Monday, August 19, 2019

The Doctor, His Son the Spy & The Police

Did you know Alabama has a direct connection to the rock group The Police? Let's investigate.

I jumped down this rabbit hole recently when I consulted the Wikipedia entry for that group's drummer, Stewart Copeland. Dianne and I had been re-watching a favorite TV show, Dead Like Me, and I realized he had written the music that opens each episode [and very catchy it is!]. Since The Police disbanded, he's composed for a number of films, TV shows, and video games. 

As noted in his entry, Copeland is the son of Miles A. Copeland, Jr., who was born on July 16, 1916 in Birmingham. Both his father and his Scottish mother Lorraine worked for intelligence agencies during World War II. After the war Miles Jr. and family settled in the Middle East; he worked on many covert operations for the CIA until his retirement in 1957. Lorraine became an archaeologist specializing in the region.

The family remained in the Middle East until moving to London in 1970. Miles Jr. sometimes returned to the agency on special assignments. Before his death in 1991 he kept busy writing articles for magazines and newspapers, books on foreign policy and an autobiography. Copeland was prominent enough to rate an obituary in the New York Times. He is buried in England.

The Wikipedia entry for Miles Jr. simply notes his birth in Birmingham as the "son of a doctor". So, what was his father's story? Since I've done a bit of medical history on this blog and elsewhere, that little tidbit caught my interest. So here we go...

Miles (Meter) Axe Copeland was born July 24, 1868, in Illinois. He died on March 9, 1958, and is buried in Elmwood Cemetery. I have yet to find out what he did in the first three decades of his life, but by the early 20th century he was in Alabama. He graduated from the Birmingham Medical College in 1903 and was certified by the Jefferson County Board of Medical Examiners in that same year. You can see the school's faculty and graduating students for 1902-1903 here. Copeland's instructors there included some of the state's most prominent physicians at the time, including William E.B. Davis, his brother John D.S. Davis, and Edgar P. Hogan

I have traced some of the family's residences and Copeland's medical offices through entries in the U.S. Census and the annual American Medical Directory [AMD]. In 1912 they were living at 721 South 20th Street [AMD]. The 1920 Census shows them at 2208 17th Avenue. The AMD shows them living at 2128 16th Avenue South in 1929 and 1931, as does the 1940 census. The Census listings note that Copeland owned his homes. 

His office was in the Farley Building in 1912, the Watts Building in 1929 and at 1927 1st Avenue North in 1931 [all AMD]. The BhamWiki entry on the Farley Building shows Copeland's office in room 406 in 1909, which is the date the building opened. He may have had his office there until the Watts Building opened in 1927. For some reason he moved yet again to the 1st Avenue North location by 1931. 

I have yet to find Copeland's date of marriage to his wife Leonora (1890-1966); she is also buried in Elmwood Cemetery. His parents were Miles Copeland (1829-1891) and Catherine Magdaline Axe Copeland (1835-1914). That explains where the "Axe" name enters the family line.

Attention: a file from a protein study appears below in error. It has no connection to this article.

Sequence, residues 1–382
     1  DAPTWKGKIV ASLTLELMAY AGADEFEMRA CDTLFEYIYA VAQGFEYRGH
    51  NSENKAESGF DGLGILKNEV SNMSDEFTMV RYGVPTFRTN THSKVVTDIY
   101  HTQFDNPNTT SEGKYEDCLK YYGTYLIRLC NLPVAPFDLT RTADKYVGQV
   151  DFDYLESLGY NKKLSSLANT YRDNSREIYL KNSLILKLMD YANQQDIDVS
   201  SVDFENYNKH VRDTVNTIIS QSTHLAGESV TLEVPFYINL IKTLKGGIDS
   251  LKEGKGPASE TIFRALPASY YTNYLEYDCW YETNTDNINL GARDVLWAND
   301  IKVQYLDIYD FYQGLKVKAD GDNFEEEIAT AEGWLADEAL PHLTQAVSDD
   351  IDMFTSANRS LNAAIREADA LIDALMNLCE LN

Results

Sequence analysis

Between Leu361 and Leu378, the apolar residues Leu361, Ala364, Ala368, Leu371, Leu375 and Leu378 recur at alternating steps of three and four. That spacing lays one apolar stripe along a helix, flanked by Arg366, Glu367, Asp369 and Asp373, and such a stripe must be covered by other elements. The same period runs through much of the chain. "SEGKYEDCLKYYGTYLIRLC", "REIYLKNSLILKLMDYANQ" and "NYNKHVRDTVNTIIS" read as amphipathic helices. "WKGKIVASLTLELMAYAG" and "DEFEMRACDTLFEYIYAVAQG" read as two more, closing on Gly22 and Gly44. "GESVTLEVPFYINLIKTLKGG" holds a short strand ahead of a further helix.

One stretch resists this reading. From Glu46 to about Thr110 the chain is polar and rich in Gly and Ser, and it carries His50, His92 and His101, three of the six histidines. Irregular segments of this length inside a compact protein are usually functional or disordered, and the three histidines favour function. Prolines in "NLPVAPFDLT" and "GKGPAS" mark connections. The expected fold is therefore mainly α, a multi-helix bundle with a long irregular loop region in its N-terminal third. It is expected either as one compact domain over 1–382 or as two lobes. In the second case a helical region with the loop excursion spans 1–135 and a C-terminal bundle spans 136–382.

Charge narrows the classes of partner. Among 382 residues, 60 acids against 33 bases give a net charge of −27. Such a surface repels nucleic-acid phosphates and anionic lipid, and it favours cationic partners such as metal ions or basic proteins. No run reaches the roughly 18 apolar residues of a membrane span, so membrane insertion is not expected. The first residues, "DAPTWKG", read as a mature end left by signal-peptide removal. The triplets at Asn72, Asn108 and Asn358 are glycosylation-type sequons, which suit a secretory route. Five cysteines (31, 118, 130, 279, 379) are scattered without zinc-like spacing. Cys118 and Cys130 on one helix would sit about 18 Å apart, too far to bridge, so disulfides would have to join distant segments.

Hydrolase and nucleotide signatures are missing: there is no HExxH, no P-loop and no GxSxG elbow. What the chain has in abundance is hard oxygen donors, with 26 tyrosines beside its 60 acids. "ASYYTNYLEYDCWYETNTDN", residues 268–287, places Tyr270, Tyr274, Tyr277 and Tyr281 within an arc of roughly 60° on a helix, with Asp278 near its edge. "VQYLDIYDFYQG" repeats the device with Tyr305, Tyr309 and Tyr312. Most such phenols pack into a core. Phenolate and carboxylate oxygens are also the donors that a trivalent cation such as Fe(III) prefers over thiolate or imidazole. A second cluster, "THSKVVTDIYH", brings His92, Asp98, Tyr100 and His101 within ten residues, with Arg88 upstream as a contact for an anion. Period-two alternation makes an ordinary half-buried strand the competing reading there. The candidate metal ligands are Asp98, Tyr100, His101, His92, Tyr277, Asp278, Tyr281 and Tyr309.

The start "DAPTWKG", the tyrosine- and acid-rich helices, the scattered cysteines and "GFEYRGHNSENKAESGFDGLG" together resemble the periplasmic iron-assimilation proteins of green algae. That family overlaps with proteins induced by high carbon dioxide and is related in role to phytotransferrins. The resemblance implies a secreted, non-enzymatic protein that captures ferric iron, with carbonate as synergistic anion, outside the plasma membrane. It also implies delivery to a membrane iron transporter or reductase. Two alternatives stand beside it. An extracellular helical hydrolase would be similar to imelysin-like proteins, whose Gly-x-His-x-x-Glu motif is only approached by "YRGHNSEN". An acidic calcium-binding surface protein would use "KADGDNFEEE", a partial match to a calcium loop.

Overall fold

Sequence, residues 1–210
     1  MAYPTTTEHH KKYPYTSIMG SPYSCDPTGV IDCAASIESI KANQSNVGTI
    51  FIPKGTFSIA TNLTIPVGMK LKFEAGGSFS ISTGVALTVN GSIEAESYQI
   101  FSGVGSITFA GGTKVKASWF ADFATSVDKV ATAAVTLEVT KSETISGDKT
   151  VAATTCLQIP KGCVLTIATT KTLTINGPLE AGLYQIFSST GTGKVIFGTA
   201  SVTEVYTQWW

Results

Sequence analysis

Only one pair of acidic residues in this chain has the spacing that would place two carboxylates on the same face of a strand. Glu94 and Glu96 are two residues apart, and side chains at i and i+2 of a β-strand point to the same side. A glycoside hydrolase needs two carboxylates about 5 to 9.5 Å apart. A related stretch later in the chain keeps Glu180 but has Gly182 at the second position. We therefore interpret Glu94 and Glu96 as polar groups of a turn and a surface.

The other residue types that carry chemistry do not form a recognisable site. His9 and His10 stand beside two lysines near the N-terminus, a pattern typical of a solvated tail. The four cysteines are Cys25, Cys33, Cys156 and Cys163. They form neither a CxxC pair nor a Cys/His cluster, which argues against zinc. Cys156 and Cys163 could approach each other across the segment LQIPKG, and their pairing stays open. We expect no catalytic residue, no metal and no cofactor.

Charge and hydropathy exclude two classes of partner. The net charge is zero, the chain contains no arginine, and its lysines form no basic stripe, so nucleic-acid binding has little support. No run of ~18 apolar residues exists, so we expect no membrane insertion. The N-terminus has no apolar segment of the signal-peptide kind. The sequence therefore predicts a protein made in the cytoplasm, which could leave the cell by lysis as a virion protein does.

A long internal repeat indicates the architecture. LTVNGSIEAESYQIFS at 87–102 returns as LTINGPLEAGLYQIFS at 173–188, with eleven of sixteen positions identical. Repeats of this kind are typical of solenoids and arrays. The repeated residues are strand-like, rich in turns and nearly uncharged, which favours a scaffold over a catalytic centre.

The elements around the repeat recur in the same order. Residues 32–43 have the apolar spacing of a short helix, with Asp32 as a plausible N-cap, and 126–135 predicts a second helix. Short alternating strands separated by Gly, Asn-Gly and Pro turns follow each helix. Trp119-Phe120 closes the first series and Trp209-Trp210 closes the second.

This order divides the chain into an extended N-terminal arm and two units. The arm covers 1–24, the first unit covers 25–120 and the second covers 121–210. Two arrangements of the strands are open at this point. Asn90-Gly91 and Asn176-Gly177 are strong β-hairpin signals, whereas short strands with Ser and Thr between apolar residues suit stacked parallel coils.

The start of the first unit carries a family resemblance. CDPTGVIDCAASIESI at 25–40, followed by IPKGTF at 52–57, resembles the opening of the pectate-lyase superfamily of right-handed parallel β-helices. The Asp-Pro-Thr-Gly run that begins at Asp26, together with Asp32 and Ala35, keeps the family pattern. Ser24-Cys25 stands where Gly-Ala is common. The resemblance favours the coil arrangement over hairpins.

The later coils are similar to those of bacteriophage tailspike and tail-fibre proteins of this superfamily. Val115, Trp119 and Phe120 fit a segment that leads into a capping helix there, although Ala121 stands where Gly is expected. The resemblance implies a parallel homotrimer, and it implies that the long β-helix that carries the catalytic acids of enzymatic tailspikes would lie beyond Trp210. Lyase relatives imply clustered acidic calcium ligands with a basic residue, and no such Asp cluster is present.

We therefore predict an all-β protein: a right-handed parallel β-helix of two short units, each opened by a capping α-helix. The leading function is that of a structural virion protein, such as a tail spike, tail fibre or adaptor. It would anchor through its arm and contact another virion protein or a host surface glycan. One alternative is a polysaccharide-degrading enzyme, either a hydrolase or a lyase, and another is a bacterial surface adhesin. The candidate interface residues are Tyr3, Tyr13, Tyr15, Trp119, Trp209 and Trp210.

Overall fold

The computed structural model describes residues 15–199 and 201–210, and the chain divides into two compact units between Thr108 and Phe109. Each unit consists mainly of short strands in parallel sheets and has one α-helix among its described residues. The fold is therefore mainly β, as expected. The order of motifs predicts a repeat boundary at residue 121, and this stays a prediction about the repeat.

In the 1920 census they were living at the 2208 17th Avenue address. Son Miles was 3, their younger son Hunter was 1. A couple boarded with them. In 1940 Miles was 23 and Hunter was 21. Both were living again with their parents and are listed in the census as divorced. Miles' occupation was given as "sales manager", Hunter's as "office salesman". We know what happened to the younger Miles; I wonder about Hunter. The family had two young men as lodgers. 

One of Stewart's brothers, Miles Copeland III was born in London and graduated from Birmingham-Southern College in 1966. He has been active in the business end of music; his various ventures have included founding I.R.S. Records and various talent and booking agencies. He managed among others such bands as  Wishbone Ash and The Police, as well as Sting's solo music and acting careers. One of his agencies was Copeland International Arts or CIA. 

A third brother, Ian Copeland, was a music promoter and booking agent who helped launch the New Wave movement in the U.S. His memoir, Wild Thing: The Backstage, On the Road, In the Studio, Off the Charts Memoirs of Ian Copeland, was published in 1995. He died the following year. 

Some further comments are below. I wonder where Sting's father was born?

Miles (Meter) Axe Copeland, MD [1868-1958]


Dr. Copeland with his wife Leonora G. Armstrong Copeland and their sons Miles Axe Copeland and Hunter Armstrong Copeland. Perhaps they are posing on the porch of one of their Birmingham homes. 


Miles A. Copeland, Jr. [1916-1991]

Source: BhamWiki

Miles A. Copeland, Jr., as a young man


After graduating from the Birmingham Medical College, a private institution, Dr. Copeland joined the faculty of the school. This photograph dates from that period. BMC closed in 1915. 

Birmingham Medical College in 1912. Dr. Copeland both studied and taught here. This building stood on the same block as Hillman Hospital and Jefferson Tower, an historical area I have called "Birmingham's heaviest medical block." 

Source: BhamWiki

Farley Building on Third Avenue in a postcard around 1910

Source: Troy Libraries via Alabama Mosaic

Watts Building postcard

The building is located at 20th Street and Third Avenue North

Source: Troy Libraries via Alabama Mosaic

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